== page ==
Authors: Joyce,Jim Lavene
Tags: #Mystery, #Poison, #Women Sleuths, #Gardening
Joyce and Jim Lavene
A Peggy Lee Garden Mystery
Book coach and editor—Jeni Chappelle
Copyright © 2015 Joyce and Jim Lavene
All rights reserved.
No part of this book may be reproduced, scanned, or distributed in any printed or electronic form without permission from the author. Please do not participate in or encourage piracy of copyrighted materials in violation of the authors’ rights. Purchase only authorized editions.
Table of Contents
The first rhododendron to be classified and named was the Alpine Rose. It was discovered by the 16th century Flemish botanist, Charles l'Ecluse and introduced to Britain in 1656. The Japanese were raising rhododendron hybrids in the 17th century, known as Satsuki Azaleas today.
At four-twelve a.m., Peggy Lee’s cell phone buzzed.
She sighed, turned over, and tried to go back to sleep.
“Don’t you need to get that?” her husband, Steve, asked in a husky whisper.
“No. It’s Sam’s turn to find out if a bird flew into a window at the garden shop and apologize to the police for bringing them out for nothing.” She patted his side. “It’s early. We don’t have to get up yet.”
He put his arm around her. “Not
early.” He kissed the side of her neck. “We could be awake but not get up.”
She turned back to him with a smile. “But you have that conference today. You’ll be exhausted if you don’t go back to sleep.”
Steve drew her closer. “So I’ll be tired, but it’ll be worth it.”
Peggy kissed him, but her cell phone sounded again—this time ringing.
“That can’t be good.” She picked up her phone from the bedside table. Sam Ollson’s face came up on the screen. He was her partner at their garden shop, The Potting Shed. “Good morning. I guess something big happened.”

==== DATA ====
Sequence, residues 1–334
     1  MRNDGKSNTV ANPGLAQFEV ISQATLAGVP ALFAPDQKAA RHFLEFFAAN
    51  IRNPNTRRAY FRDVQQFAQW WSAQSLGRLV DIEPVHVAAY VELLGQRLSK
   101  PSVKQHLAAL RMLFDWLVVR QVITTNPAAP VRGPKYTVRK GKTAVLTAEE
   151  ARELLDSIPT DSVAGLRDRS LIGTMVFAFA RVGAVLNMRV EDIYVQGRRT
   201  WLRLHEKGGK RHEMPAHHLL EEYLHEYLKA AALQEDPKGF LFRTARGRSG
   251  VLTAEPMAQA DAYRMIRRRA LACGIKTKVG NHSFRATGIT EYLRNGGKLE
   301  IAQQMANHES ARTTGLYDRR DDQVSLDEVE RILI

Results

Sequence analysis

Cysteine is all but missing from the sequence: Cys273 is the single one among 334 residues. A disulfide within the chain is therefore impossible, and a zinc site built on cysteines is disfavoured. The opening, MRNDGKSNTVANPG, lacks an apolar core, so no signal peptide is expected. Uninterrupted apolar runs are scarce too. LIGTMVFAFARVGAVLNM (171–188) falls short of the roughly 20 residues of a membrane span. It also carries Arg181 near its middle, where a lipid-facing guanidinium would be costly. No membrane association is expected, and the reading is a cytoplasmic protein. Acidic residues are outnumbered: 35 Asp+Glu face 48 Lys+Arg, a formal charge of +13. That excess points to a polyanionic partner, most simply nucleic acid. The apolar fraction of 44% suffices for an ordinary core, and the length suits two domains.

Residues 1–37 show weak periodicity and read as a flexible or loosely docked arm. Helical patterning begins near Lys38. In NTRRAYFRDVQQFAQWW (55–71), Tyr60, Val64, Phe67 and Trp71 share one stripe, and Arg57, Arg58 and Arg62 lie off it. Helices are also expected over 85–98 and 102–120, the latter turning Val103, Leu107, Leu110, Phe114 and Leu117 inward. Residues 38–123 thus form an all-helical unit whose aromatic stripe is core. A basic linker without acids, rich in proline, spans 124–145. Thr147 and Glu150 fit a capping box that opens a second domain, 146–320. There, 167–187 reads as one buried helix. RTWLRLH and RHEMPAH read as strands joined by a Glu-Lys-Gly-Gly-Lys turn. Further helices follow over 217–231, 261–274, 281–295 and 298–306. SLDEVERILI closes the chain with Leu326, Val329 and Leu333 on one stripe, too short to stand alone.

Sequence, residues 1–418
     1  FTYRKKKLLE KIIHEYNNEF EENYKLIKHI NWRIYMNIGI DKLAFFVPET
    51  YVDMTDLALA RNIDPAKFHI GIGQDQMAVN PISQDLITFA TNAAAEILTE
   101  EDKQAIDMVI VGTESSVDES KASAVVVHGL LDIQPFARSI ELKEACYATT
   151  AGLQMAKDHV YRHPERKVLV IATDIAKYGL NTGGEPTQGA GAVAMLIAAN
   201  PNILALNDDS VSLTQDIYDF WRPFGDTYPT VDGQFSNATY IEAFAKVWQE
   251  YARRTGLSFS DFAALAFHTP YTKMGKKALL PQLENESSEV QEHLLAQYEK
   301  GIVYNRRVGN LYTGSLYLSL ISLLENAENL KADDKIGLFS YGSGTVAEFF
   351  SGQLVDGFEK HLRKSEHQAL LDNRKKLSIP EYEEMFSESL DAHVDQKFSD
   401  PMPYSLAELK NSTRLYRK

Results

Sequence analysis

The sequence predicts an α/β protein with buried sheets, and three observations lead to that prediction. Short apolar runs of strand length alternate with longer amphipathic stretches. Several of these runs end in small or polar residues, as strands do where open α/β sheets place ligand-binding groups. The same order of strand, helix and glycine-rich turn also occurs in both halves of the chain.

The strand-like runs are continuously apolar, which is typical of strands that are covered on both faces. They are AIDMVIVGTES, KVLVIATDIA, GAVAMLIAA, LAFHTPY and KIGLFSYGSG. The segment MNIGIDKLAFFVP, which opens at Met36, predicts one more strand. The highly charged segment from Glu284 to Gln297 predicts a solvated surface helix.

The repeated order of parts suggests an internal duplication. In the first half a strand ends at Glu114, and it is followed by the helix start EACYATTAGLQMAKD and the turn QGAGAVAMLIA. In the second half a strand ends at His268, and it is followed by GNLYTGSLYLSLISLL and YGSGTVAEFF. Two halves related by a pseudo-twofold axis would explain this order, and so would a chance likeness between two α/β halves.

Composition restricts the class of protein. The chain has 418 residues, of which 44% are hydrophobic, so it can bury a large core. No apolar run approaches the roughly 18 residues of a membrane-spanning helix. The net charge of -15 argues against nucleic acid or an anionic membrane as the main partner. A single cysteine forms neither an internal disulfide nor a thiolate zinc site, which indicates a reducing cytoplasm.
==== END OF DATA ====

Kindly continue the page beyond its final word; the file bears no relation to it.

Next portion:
“You have to get down here, Peggy. You’re never gonna believe this.” Sam didn’t give anything away.
“Okay. I know you wouldn’t do this to me if it wasn’t important.” She yawned, and put down her cell phone. “I’ve gotta go to the shop, Steve. I guess I’ll see you later. Rain check?”
“You bet.” He kissed her slowly. “Definitely rain check. What’s up?”
She had already slipped away and was finding clothes to wear. “I don’t know. But you know how unflappable Sam is. It must be bad for him to want me down there too.”
Peggy hurriedly pulled on jeans and a green Potting Shed T-shirt. She brushed her white tinged red locks and rolled her expressive green eyes at her image before she stuck her feet in sandals, grabbed her handbag, and went downstairs.
Her Great Dane, Shakespeare, followed her every move with an inquisitive look on his intelligent face.
“Sorry.” She patted his massive head. “I’ll be back in a few minutes. You can come next time. Steve will let you out before he leaves today if I’m not back in time.”
He made a soft whining sound and pushed at her hand with his nose. She bent and kissed him goodbye before she walked out the door.